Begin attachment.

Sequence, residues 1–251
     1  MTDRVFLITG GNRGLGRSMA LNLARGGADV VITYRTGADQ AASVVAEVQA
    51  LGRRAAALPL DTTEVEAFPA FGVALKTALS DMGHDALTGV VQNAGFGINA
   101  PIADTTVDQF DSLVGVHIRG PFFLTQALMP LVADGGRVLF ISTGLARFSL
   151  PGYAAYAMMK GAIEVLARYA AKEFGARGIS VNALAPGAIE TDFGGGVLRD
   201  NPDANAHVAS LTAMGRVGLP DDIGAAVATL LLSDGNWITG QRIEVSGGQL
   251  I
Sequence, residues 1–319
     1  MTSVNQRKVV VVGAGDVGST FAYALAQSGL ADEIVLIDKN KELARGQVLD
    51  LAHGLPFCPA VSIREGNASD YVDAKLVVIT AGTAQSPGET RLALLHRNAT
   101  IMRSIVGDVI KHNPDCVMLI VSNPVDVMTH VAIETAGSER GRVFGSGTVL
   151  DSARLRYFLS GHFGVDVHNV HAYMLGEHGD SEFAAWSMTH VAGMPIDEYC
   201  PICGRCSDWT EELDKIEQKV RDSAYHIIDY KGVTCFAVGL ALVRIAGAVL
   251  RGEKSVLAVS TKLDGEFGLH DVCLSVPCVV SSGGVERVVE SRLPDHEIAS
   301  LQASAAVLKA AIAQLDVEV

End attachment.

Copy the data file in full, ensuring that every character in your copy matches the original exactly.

Sequence, residues 1–251
     1  MTDRVFLITG GNRGLGRSMA LNLARGGADV VITYRTGADQ AASVVAEVQA
    51  LGRRAAALPL DTTEVEAFPA FGVALKTALS DMGHDALTGV VQNAGFGINA
   101  PIADTTVDQF DSLVGVHIRG PFFLTQALMP LVADGGRVLF ISTGLARFSL
   151  PGYAAYAMMK GAIEVLARYA AKEFGARGIS VNALAPGAIE TDFGGGVLRD
   201  NPDANAHVAS LTAMGRVGLP DDIGAAVATL LLSDGNWITG QRIEVSGGQL
   251  I
Sequence, residues 1–319
     1  MTSVNQRKVV VVGAGDVGST FAYALAQSGL ADEIVLIDKN KELARGQVLD
    51  LAHGLPFCPA VSIREGNASD YVDAKLVVIT AGTAQSPGET RLALLHRNAT
   101  IMRSIVGDVI KHNPDCVMLI VSNPVDVMTH VAIETAGSER GRVFGSGTVL
   151  DSARLRYFLS GHFGVDVHNV HAYMLGEHGD SEFAAWSMTH VAGMPIDEYC
   201  PICGRCSDWT EELDKIEQKV RDSAYHIIDY KGVTCFAVGL ALVRIAGAVL
   251  RGEKSVLAVS TKLDGEFGLH DVCLSVPCVV SSGGVERVVE SRLPDHEIAS
   301  LQASAAVLKA AIAQLDVEV